I also like the look of the CM Storm MECH keyboard, for the most part. I like the contrast between the silver and black. I also like the customizable plate, although I think it would be nice if CM Storm offered some designs, as I’m not sure if I will actually get around to customizing it myself. I like the wrist-rest, although some might find the hard-plastic uncomfortable. What I don’t like is how the carry handle affects the appearance. I think it looks out of place, like a piece that was added as an afterthought and doesn’t quite fit in. It would be nice if it were removable, especially since I probably won’t use it.
As with all CM Storm devices that I have tested, the CM Storm MECH Keyboard is very solidly constructed. The Cherry MX Brown switches are rated for 50 million strokes, which is light years ahead of membrane keyboards. The customizable aluminum plate is certainly solid. The rest of the CM Storm Mech is made of durable and solid plastic, which feels like it could certainly take some abuse if necessary. Even the carry handle, although I might not find it useful, is solid and rugged. With the detachable USB cable, I think I could probably use the CM Storm MECH as a pretty formidable weapon against a would be intruder. It has definitely proven to be a formidable weapon for me in BF4.
Which brings me to the functionality of the CM Storm MECH. It is a great gaming keyboard and provides functionality for everything a gamer needs in a keyboard. The Cherry MX switches give you long lifespan, tactile feedback, and surprising durability. You also get up to 64 key rollover and apparently no ghosting. The LED backlighting lets you type or game in the dark, with five different brightness settings no less. The three different modes let you light up only the keys you need, or everything if you want. The carry handle also adds functionality if you want to take the keyboard with you to use on different computers. Paired with the 128kb of onboard memory that can store up to 5 different profiles, this could be very useful. I guess I can potentially see the use as a typing keyboard at work and a gaming keyboard at home. Finally, the USB 3.0 hub and Audio I/O bring the functionality full circle. It let me plug the CM Storm Pulse right in to the back of the keyboard, LED USB cable and all!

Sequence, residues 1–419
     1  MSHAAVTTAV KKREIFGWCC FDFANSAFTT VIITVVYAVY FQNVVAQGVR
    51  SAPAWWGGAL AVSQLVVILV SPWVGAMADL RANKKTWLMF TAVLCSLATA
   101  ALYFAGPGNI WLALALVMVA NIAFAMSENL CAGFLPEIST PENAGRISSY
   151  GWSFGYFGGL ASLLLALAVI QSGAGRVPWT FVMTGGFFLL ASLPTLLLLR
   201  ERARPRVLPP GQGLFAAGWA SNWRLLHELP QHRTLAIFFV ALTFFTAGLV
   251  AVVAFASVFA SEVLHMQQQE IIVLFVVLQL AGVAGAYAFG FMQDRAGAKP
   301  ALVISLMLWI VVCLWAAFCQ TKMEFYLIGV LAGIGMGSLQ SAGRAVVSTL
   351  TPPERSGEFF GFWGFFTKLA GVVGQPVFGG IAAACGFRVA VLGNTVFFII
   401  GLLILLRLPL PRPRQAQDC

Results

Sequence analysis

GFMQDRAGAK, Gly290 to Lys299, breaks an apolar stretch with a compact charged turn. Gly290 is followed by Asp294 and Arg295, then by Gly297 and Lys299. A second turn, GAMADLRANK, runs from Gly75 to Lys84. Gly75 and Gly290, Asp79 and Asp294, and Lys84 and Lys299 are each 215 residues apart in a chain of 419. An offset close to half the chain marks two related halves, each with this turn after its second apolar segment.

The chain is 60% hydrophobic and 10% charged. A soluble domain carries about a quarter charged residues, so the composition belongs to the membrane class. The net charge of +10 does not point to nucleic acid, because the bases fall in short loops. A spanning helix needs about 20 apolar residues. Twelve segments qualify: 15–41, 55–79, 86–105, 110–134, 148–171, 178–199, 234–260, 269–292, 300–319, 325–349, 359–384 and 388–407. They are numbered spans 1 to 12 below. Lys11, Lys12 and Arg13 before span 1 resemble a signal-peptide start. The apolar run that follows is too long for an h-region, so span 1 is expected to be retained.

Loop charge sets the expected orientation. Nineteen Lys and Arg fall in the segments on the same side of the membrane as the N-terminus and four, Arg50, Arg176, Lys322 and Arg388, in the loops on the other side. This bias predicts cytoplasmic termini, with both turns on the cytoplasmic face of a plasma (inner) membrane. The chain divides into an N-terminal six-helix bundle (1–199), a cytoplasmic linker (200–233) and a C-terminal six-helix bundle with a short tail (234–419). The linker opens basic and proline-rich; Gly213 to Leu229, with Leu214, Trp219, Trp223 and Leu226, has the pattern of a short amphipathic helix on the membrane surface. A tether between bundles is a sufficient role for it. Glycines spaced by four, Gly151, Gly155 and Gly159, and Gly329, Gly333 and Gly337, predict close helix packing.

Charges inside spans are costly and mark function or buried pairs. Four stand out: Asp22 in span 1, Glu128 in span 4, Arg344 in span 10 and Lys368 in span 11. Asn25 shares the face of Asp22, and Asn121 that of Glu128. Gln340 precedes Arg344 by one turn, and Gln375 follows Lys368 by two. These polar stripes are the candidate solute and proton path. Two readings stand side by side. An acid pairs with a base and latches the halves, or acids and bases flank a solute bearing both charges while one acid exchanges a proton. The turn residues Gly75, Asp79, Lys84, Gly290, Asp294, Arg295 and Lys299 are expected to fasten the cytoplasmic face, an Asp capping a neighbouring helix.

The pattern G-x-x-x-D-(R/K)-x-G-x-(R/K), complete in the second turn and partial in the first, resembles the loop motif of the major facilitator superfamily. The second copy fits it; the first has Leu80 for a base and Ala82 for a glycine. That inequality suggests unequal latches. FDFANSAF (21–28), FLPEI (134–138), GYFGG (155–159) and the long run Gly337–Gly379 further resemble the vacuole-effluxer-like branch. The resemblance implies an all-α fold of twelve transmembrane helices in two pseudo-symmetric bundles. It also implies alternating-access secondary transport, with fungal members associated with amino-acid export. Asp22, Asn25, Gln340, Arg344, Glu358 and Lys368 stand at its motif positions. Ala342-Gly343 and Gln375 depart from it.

The CM Storm MECH Mechanical Gaming Keyboard has a MSRP of $159.99. That puts it near the top end of mechanical gaming keyboards, but right in the mid-range of mechanical gaming keyboards with LED backlighting. $159.99 for a keyboard, in my opinion, makes the CM Storm MECH, or any backlit mechanical gaming keyboard for that matter, a luxury item. It’s not something most people will splurge on unless they are really going to make use of it. For heavy typists and, of course, heavy gamers, a mechanical keyboard is a must. For the amount of features it presents, from the onboard memory, separate profiles with auto-switch functionality, USB 3.0 hub, backlighting, and more, the CM Storm MECH Keyboard has a good price. I’m not going to lie and say I wouldn’t like it to be less expensive, but it is priced competitively and certainly worth it.
+ Low Actuation Force
+ Tactile Feedback
+ 64 Key Rollover
+ Customizable plate
+ 3 LED Modes and 5 Brightness Levels
+ Carry Handle (Could be pro for some)
+ USB 3.0 Hub
+ Detachable Cord
- Huge and Heavy
- Carry Handle (I personally don’t like it)
- No plate designs available to buy
Final Score: 9.0 out of 10.
Excellence Achievement: Benchmark Reviews Golden Tachometer Award.
COMMENT QUESTION: Which switches do you prefer in a mechanical keyboard?